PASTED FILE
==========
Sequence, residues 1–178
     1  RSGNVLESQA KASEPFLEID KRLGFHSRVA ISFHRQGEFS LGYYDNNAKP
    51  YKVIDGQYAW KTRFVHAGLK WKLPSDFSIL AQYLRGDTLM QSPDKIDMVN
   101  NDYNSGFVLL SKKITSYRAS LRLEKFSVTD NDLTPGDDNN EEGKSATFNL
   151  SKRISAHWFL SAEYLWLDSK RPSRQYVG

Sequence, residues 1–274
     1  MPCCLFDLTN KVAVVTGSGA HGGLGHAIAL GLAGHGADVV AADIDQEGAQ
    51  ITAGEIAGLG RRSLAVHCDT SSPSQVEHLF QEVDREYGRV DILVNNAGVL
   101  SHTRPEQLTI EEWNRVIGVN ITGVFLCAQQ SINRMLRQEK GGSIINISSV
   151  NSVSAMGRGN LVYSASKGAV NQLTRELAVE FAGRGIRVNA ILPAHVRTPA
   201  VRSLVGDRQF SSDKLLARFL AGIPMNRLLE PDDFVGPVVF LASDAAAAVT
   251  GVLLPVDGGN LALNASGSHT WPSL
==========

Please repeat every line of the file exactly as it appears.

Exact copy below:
Sequence, residues 1–178
     1  RSGNVLESQA KASEPFLEID KRLGFHSRVA ISFHRQGEFS LGYYDNNAKP
    51  YKVIDGQYAW KTRFVHAGLK WKLPSDFSIL AQYLRGDTLM QSPDKIDMVN
   101  NDYNSGFVLL SKKITSYRAS LRLEKFSVTD NDLTPGDDNN EEGKSATFNL
   151  SKRISAHWFL SAEYLWLDSK RPSRQYVG

Sequence, residues 1–274
     1  MPCCLFDLTN KVAVVTGSGA HGGLGHAIAL GLAGHGADVV AADIDQEGAQ
    51  ITAGEIAGLG RRSLAVHCDT SSPSQVEHLF QEVDREYGRV DILVNNAGVL
   101  SHTRPEQLTI EEWNRVIGVN ITGVFLCAQQ SINRMLRQEK GGSIINISSV
   151  NSVSAMGRGN LVYSASKGAV NQLTRELAVE FAGRGIRVNA ILPAHVRTPA
   201  VRSLVGDRQF SSDKLLARFL AGIPMNRLLE PDDFVGPVVF LASDAAAAVT
   251  GVLLPVDGGN LALNASGSHT WPSL